INVEDUC: Investing in Education in Europe: Attitudes, Politics and Policies

Beschreibung

Das Projekt "Investing in Education in Europe: Attitudes, Politics and Policies" (INVEDUC) wird der Frage nachgehen, welche Art von Bildungspolitik Bürgerinnen und Bürger in acht ausgewählten europäischen Ländern bevorzugen. Zu diesem Zweck wird eine groß angelegte Meinungsumfrage durchgeführt, die die Präferenzen der Bürger hinsichtlich der Höhe von Bildungsausgaben, der Verteilung auf unterschiedliche Bildungsbereiche und der Steuerung (Governance) von Bildungssystemen abfragt. In der zweiten Projektphase steht die Frage im Mittelpunkt, inwiefern und auf welche Weise die Präferenzen der Bürgerinnen und Bürger Eingang in den politischen Prozess finden. Spielen die Wünsche der Bürger für politische Akteure überhaupt eine Rolle oder dominieren organisierte Interessen? Gibt es Unterschiede in der Verarbeitung der Präferenzen je nach Land oder Bildungssektor? Das Projekt erweitert somit unser Verständnis über die Zusammenhänge zwischen Bildungs- und Sozialpolitik sowie über den Einfluss von Wählerpräferenzen im politischen Prozess.

Institutionen
  • FB Politik- und Verwaltungswissenschaft
Publikationen
    Busemeyer, Marius R.; Lober, Dominik (2020): Between Solidarity and Self-Interest : The Elderly and Support for Public Education Revisited Journal of Social Policy ; 49 (2020), 2. - S. 425-444. - Cambridge University Press (CUP). - ISSN 0047-2794. - eISSN 1469-7823

Between Solidarity and Self-Interest : The Elderly and Support for Public Education Revisited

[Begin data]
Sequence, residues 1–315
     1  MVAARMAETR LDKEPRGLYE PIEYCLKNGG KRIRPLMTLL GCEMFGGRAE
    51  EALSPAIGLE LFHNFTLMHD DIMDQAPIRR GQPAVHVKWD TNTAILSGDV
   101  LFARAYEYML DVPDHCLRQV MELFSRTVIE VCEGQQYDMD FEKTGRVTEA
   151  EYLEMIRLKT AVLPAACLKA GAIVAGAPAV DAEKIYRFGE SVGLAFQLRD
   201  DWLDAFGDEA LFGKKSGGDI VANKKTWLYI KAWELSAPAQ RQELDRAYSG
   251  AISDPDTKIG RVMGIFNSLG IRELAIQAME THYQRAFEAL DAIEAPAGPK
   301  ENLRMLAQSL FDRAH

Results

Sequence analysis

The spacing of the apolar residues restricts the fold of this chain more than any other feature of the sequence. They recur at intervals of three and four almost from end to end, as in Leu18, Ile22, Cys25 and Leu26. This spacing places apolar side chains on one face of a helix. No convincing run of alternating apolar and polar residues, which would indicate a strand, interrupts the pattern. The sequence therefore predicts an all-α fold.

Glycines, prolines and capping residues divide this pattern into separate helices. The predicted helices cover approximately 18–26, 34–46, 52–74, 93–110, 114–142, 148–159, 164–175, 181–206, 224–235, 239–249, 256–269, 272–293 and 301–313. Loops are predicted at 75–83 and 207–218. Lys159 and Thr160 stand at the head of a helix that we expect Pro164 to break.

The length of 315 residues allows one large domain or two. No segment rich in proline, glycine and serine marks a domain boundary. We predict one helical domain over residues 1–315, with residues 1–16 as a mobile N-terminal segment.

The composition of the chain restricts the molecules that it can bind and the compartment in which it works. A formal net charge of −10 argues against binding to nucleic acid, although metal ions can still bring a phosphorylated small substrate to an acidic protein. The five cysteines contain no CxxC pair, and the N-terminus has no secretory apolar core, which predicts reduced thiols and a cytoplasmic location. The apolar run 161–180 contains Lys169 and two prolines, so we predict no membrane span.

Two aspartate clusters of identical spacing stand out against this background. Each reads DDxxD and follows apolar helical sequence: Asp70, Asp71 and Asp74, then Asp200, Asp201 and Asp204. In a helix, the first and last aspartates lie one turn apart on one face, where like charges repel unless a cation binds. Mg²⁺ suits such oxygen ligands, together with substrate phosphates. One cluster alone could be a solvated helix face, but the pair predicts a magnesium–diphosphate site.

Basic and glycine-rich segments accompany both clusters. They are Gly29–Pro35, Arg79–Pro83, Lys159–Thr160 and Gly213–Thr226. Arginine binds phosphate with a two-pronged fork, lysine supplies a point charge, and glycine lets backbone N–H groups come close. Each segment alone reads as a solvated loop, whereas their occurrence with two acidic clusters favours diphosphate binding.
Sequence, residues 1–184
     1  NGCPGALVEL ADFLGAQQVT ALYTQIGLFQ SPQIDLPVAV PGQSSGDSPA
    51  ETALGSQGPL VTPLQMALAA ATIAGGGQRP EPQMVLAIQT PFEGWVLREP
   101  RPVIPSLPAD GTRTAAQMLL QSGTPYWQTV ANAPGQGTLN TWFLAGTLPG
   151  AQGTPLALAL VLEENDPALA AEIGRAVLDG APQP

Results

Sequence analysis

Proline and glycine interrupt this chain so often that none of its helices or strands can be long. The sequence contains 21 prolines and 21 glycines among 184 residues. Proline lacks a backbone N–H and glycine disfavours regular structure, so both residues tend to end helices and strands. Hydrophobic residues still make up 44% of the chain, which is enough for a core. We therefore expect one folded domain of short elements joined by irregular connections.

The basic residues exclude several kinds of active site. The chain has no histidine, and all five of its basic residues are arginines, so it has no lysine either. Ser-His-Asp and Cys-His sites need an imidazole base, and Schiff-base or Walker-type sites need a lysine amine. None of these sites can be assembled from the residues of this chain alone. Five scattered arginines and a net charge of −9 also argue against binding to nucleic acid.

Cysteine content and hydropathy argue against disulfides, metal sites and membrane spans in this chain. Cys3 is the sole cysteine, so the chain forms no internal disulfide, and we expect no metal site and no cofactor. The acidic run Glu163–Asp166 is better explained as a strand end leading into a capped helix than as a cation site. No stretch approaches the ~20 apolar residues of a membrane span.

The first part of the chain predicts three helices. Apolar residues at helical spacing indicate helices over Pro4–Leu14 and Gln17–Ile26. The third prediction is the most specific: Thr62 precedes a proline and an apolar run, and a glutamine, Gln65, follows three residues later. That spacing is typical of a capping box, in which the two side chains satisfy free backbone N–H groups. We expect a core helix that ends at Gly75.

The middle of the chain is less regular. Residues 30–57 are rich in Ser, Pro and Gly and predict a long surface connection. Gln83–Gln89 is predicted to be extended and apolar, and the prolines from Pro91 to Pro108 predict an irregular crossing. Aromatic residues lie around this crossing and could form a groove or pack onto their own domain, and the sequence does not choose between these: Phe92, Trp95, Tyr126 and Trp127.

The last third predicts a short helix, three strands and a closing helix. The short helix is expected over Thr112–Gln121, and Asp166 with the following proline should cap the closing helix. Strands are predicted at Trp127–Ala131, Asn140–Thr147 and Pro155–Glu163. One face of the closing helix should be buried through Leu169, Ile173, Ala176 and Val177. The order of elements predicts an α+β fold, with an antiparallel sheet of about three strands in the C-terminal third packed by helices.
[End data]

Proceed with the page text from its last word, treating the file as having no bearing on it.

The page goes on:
×

Proceeding population aging might fuel generational conflicts about the distribution of welfare state resources in the future, but the existing evidence on the extent of generational cleavages in attitudes towards the welfare state is mixed. We argue that these mixed findings are partially related to an underestimation of trade-offs on the level of individual preferences. Using novel data from a survey experiment conducted in eight Western European countries, we show that age-related self-interest is an important determinant of social policy preferences. When elderly respondents are confronted with hypothetical cutbacks in pensions, they are much less likely to support additional education spending. However, we also find evidence for a mediating effect of social trust: high-trusting elderly individuals are more likely to support education spending – contrary to their narrow self-interest – than low-trusting elderly.

Forschungszusammenhang (Projekte)

  Busemeyer, Marius R.; Lergetporer, Philipp; Woessmann, Ludger (2018): Public opinion and the political economy of educational reforms : a survey European Journal of Political Economy ; 53 (2018). - S. 161-185. - ISSN 0176-2680. - eISSN 1873-5703

Public opinion and the political economy of educational reforms : a survey

×

In the political economy of education policy, interactions between policymakers and public opinion can create discrepancies between political awareness and action. While a large literature studies public opinion on different aspects of the welfare state, research has only recently started to investigate the public’s attitudes towards education policy. We survey this emerging literature with a particular focus on public preferences for education spending in different sociodemographic subgroups, policy trade-offs, support for specific education reforms, and the importance of information for public preferences. While the available evidence is multifaceted, there is some general indication that citizens place high priority on education policy, show substantial willingness to reform, and are responsive to information and adequate reform designs.

Forschungszusammenhang (Projekte)

    Garritzmann, Julian L.; Busemeyer, Marius R.; Neimanns, Erik (2018): Public demand for social investment : new supporting coalitions for welfare state reform in Western Europe? Journal of European Public Policy ; 25 (2018), 6. - S. 844-861. - ISSN 1350-1763. - eISSN 1466-4429

Public demand for social investment : new supporting coalitions for welfare state reform in Western Europe?

×